- One of the most difficult shells for me to break was that of meeting the world with a sense of ongoing crisis. Like many of us, I was schooled to carry around a suitcase passed down to me, only to be opened in case of emergency. I lugged it around for thirty-six years, and then, when being poked and prodded in the antechamber of the cancer world, I quietly and privately opened it. It was empty! And so the God in me stood and broke that shell, leaving my empty suitcase in the desert of waiting rooms. For the only way to survive the hegira back to health was to travel lightly.
- Some inspiring examples of mentally holding nothing back have changed how we understand life. Consider Akhenaton, the Egyptian pharoah who dared to believe in one common Source. He called that Source "the One Light" and developed a belief in the Sun as the living face of God. The belief in one God can be traced back to his courage in seeing a common element behind the many gods of his time. And Copernicus and Galileo dared to say we are not the center of the Universe - a struggle for humans to accept to this day. And Carl Jung bravely broke the shell of the individual psyche to discover the sea of the collective unconscious in which we are all singular but connected waves.
- In essence, holding-nothing-back-perceptually depends first on our willingness to accept that understanding-outside-our-shell is different from understanding-inside-our-shell, and then on our daring to know the difference. Holding nothing-back-perceptually means expanding how we see. It leads to Einstein's notion that "you can't solve a problem by the thinking that created it."
- Another level of holding nothing back involves the life of the heart. I slowly and painfully came to realize that self-honesty and expression are constant tools, needed to eliminate the buildup that occurs between our inner and outer life. Just as the buildup of plaque can block the flow of a healthy heart. The active and authentic emotional life is the aerobic that keeps our heart flowing cleanly. As Balzac said, "We are here to live out loud!" Not loudly, just not repressed. Too often, we move through life holding our breath. A heart muted with unexpressed feeling compromises our ability to know the world directly.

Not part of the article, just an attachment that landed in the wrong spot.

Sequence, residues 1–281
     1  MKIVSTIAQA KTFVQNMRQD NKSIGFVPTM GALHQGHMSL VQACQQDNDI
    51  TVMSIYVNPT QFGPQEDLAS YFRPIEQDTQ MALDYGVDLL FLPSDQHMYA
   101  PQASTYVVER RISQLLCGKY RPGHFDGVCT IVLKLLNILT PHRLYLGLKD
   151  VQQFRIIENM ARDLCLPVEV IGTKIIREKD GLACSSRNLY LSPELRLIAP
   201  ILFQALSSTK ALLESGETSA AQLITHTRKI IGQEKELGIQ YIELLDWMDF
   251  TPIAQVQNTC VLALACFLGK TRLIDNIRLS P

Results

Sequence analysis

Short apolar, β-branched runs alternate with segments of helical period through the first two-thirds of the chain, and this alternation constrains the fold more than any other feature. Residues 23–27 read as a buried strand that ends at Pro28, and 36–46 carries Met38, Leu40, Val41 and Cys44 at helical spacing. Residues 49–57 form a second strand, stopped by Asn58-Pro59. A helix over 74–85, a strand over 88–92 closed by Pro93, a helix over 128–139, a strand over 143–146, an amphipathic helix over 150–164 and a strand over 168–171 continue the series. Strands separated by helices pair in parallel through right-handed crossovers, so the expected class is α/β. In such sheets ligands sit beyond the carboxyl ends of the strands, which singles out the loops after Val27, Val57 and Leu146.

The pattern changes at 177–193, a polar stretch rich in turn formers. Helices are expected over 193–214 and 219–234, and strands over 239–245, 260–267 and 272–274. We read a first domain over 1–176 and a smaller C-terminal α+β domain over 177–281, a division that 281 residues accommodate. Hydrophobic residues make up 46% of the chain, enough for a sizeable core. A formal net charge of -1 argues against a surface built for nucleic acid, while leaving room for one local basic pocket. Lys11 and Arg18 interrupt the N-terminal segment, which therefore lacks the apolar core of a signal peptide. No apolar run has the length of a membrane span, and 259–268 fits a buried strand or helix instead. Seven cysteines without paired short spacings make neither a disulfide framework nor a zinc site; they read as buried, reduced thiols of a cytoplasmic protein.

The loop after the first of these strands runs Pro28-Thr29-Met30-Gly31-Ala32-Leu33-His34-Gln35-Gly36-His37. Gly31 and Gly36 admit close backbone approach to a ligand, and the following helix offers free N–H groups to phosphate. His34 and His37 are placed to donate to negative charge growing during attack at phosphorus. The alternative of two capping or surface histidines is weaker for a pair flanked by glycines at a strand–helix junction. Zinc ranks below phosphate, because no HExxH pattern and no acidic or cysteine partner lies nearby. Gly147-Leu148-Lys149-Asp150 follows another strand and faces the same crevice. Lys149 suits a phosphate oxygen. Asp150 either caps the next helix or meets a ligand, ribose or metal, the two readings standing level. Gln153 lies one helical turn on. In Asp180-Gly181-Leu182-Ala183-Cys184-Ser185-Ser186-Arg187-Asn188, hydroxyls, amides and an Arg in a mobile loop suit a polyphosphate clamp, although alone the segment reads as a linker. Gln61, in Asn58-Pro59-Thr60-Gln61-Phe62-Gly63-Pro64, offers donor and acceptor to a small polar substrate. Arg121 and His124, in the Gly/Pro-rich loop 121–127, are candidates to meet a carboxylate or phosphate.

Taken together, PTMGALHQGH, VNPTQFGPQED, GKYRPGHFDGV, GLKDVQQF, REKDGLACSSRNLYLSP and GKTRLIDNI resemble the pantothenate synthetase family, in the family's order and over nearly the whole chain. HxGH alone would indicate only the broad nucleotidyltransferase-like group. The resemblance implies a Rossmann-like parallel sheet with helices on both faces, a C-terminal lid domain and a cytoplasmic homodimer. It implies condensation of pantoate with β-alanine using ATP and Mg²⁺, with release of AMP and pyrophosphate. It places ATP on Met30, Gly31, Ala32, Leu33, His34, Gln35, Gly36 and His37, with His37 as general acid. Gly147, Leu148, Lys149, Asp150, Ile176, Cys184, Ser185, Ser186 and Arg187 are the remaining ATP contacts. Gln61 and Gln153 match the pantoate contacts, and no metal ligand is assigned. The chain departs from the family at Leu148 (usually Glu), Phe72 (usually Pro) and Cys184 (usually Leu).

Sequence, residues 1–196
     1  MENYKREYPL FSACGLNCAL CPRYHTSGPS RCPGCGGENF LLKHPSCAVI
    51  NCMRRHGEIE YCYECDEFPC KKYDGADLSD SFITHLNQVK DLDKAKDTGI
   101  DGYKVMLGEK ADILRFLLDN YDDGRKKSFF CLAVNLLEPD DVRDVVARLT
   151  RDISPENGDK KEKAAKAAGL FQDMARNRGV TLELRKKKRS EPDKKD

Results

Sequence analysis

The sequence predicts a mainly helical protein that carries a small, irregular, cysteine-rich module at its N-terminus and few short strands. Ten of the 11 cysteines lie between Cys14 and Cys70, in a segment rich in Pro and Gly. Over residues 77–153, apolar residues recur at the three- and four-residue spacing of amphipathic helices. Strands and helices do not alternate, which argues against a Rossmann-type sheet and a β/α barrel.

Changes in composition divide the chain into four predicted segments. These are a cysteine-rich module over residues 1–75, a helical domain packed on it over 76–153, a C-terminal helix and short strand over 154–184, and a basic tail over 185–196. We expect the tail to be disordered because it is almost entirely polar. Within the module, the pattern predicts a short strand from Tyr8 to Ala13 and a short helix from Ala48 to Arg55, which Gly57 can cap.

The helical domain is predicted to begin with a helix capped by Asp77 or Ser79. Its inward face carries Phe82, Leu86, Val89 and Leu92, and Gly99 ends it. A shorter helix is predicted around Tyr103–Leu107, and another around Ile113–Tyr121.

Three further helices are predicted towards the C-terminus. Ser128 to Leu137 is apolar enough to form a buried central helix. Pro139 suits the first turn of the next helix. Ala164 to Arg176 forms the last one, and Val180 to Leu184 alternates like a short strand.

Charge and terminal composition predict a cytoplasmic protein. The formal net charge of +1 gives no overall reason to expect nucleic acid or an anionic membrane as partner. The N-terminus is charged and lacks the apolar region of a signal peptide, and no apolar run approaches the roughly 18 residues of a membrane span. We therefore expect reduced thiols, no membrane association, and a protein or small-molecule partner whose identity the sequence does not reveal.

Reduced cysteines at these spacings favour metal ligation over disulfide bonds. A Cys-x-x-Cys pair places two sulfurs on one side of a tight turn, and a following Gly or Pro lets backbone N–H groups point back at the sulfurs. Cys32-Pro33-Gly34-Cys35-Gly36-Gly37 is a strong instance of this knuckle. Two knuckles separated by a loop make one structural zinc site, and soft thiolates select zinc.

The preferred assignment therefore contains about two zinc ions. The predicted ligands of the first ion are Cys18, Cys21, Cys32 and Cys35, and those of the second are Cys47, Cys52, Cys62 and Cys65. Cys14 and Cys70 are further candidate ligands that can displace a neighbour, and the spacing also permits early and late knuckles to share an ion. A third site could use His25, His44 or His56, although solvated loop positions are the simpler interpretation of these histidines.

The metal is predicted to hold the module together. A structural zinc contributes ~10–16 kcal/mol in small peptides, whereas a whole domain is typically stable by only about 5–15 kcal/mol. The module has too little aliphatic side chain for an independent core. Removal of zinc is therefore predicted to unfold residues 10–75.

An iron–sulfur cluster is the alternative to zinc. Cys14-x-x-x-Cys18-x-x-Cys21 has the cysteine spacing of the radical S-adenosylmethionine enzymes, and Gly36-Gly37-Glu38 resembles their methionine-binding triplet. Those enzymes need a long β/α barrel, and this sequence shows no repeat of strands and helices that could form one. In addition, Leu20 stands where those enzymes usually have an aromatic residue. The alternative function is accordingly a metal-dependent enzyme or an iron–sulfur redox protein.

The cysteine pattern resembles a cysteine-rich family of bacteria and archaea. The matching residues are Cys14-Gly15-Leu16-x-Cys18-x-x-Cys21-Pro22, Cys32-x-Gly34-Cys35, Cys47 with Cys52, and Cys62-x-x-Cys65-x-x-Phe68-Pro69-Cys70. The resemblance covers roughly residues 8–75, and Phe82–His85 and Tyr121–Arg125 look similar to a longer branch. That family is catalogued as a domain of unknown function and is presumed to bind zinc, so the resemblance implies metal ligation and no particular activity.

- And most recently, I've begun to experience what holding nothing back means in the realm of the spirit. As opposed to the complete effort of will in the realm of the body, this holding nothing back is a subtle interior effort of surrender that lets the fragrance of our being scent who we are, what we know, and how we move in the world. It involves the perpetual risk to know God in each moment, by putting down all agendas in order to be touched by a sanctity that is unrehearsed. In some ways, this is the hardest of shells to break and, perhaps, we can only do this for brief moments. But even so, these unrehearsed moments of being are enough. They can light up all the caves we've inherited and built on our own.
- In my life, each instance of holding nothing back is a teacher. In the realm of the body, I keep learning how to give my all in order to land in a stream of grace. In the realm of the mind, I keep learning how to break the hardened province of my little world in order to humbly join the Universe. In the realm of the heart, I keep learning that perceiving and expressing is a sacred aerobic that keeps my emotional center healthy and clean. And in the realm of spirit, I keep learning that surrendering all my dreams and wounds and personal histories, no matter how briefly, allows the fragrance of my soul to renew my sense of life as an unrepeatable mystery. "Together, these hints of grace replace the empty suitcase I used to carry. With them, I greet the world of others and the world of spirit through the continually breaking shell that is me.